CABBBAGETOWN BIA REPORT

Contributed by Rick Matthews, Executive Director at Cabbagetown BIA – If you ask people in Cabbagetown what a BIA is or what a ‘Business Improvement Area’ does exactly, you’re certain to get a lot of different answers.  Local businesses and commercial property owners are sure to know, but those folks who we don’t directly support?  Less likely perhaps.

 
Officially stated, a BIA is an association made up of commercial property owners and businesses who work in partnership with the city to create a thriving, competitive, and safe business area that attracts shoppers, diners, tourists, and new businesses.
How do we do that exactly?  First, we’re responsible for things like street and sidewalk beautification.  So the hanging flower baskets and holiday decorations you see?  We’re responsible for those.  We also remove and paint over graffiti and, on the inverse, apply for grants and permits to have public art and murals installed in our community.

 
A few other key things we do, include: marketing and digital promotion and support of the community, liaising with Toronto Police to address safety and security issues, fostering strategic partnerships, and troubleshooting issues that arise daily.
And you’ll often see Dale, who’s worked for the BIA for over 20 years, out on the streets many times a week to pick up litter to keep our streets looking their best.

 
That’s what we do on the day to day.  In the long term we’re working on key projects like the creation of a streetscape master plan, which will include lasting capital improvements that will vastly transform the look of our business community.

 
This year we sadly had to cancel the popular Cabbagetown Festival, which we plan, because of the pandemic, but in its place we created an elevated CafeTO experience that featured a curbside park, coordinated patios, umbrellas and an outdoor walking art tour that featured works by a diverse group of local artists.  It was an unexpected and interesting opportunity to try something new and to animate our streets in a new way.  We’ve also got some new things we’re planning for the holiday too, and look forward to sharing those details soon.  In an especially trying year we want to do everything we can to keep Cabbagetown merry and bright.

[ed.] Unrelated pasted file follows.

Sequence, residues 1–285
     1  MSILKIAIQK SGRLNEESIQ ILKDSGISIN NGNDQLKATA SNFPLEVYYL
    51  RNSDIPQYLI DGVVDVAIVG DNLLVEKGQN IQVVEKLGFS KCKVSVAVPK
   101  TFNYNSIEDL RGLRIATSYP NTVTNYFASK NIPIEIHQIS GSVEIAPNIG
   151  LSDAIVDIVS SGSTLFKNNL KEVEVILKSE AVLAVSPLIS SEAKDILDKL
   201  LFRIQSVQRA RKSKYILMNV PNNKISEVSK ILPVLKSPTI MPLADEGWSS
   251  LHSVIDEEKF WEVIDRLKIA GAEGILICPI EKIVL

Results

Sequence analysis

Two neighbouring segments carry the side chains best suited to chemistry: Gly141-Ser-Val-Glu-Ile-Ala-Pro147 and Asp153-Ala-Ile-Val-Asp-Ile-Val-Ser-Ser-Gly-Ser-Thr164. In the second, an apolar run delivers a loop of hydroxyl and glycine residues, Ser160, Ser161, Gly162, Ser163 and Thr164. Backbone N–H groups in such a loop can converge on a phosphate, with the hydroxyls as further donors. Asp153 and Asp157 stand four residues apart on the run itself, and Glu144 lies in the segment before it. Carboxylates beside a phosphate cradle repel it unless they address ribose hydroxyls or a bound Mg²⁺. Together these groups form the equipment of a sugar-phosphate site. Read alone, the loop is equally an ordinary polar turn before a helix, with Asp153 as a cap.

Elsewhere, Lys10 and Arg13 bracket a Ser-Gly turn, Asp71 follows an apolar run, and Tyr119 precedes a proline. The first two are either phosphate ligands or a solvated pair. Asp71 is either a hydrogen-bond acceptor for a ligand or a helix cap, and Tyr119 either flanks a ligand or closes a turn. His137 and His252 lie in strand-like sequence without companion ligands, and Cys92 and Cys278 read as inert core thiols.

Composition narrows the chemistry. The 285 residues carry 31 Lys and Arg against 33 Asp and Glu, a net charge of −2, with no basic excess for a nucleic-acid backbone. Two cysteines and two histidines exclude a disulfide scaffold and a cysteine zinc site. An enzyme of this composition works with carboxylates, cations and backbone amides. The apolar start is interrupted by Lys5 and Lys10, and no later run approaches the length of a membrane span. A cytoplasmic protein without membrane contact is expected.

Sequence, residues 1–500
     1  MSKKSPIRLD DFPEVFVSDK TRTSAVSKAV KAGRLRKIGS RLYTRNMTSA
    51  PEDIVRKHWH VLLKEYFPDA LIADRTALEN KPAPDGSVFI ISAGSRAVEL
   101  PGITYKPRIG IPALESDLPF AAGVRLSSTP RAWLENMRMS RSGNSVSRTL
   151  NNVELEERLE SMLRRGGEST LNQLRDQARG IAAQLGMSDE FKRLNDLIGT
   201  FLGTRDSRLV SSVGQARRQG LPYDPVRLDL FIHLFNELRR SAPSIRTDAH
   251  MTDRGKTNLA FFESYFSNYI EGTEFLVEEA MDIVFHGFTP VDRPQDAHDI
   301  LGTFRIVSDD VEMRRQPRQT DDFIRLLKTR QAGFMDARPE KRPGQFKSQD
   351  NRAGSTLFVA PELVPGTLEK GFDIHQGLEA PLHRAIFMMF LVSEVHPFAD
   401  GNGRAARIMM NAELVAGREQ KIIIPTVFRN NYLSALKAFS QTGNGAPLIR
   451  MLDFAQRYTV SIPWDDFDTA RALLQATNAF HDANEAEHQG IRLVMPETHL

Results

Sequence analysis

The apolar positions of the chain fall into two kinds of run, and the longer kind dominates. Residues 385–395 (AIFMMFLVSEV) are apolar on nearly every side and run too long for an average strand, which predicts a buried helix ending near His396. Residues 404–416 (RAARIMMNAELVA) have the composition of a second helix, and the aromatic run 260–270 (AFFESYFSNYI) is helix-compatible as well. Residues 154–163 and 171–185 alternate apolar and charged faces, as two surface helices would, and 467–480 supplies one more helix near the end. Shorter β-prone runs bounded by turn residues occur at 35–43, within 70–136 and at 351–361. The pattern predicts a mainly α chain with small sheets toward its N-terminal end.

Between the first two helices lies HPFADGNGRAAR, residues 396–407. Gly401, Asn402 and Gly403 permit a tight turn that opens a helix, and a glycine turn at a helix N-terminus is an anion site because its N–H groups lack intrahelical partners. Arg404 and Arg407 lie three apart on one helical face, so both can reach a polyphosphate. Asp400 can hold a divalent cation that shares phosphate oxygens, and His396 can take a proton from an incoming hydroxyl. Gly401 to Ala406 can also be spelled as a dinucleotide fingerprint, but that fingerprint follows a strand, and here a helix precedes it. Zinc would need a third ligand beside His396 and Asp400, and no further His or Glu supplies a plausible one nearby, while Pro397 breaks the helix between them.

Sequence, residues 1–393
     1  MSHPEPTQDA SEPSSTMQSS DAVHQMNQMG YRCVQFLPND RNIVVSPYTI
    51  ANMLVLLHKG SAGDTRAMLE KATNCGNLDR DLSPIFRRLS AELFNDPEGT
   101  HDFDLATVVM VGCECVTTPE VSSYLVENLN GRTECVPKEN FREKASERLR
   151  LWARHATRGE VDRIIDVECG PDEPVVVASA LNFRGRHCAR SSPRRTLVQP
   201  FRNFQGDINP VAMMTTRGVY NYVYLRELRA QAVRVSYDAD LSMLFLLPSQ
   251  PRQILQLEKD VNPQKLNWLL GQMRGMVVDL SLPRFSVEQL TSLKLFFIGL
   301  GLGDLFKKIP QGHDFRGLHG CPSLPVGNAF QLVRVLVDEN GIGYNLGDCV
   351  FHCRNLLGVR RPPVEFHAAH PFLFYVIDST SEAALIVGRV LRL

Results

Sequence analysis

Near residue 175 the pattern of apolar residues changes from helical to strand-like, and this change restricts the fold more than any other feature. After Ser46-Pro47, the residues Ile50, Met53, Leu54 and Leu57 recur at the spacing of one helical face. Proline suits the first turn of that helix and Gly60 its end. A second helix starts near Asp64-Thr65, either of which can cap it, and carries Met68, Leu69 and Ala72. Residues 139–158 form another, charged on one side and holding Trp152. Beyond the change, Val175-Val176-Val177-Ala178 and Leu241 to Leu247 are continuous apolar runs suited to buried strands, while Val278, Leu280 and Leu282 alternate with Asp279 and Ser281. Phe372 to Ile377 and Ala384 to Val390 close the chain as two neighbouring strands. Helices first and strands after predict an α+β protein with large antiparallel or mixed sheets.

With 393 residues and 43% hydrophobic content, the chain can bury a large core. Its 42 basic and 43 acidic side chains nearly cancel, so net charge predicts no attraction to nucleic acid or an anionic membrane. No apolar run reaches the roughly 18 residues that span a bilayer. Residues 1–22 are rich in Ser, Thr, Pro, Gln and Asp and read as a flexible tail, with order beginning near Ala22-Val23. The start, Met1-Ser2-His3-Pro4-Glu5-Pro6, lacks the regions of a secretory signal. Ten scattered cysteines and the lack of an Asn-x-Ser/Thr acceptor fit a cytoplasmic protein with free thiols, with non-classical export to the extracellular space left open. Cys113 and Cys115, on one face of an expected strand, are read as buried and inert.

As a BIA, we also act as a unified voice to address and highlight key issues with all three levels of government on behalf of our membership.

 
This year, as you might imagine, that was more important than ever, as businesses felt the direct financial impact of the pandemic.  From the ‘Canada Emergency Wage Subsidy’ (CEWS) to the ‘Canada Emergency Commercial Rent Assistance’ (CECRA), we were advocates for support for the small business community when they need it most.

 
In fact, the vast challenges that COVID-19 has created for our local business community is actually what motivated me to accept the role as Director of the BIA. As a long time Cabbagetown resident I’ve seen first hand how a thriving main street becomes the heart of a neighbourhood, creating a profound effect on the surrounding area and acting as an economic and social anchor. When the opportunity to give back through the BIA was in front of me, I felt compelled to use my business and marketing acumen to add diverse and meaningful value to our community. Working with our local business owners these past few months has shown me the resiliency of our community and has reinforced what I know about Cabbagetown’s spirit; it’s hopeful, heartfelt and unwavering.

 
I’m so proud of what we’ve accomplished thus far, and I know we will continue to get through this together.

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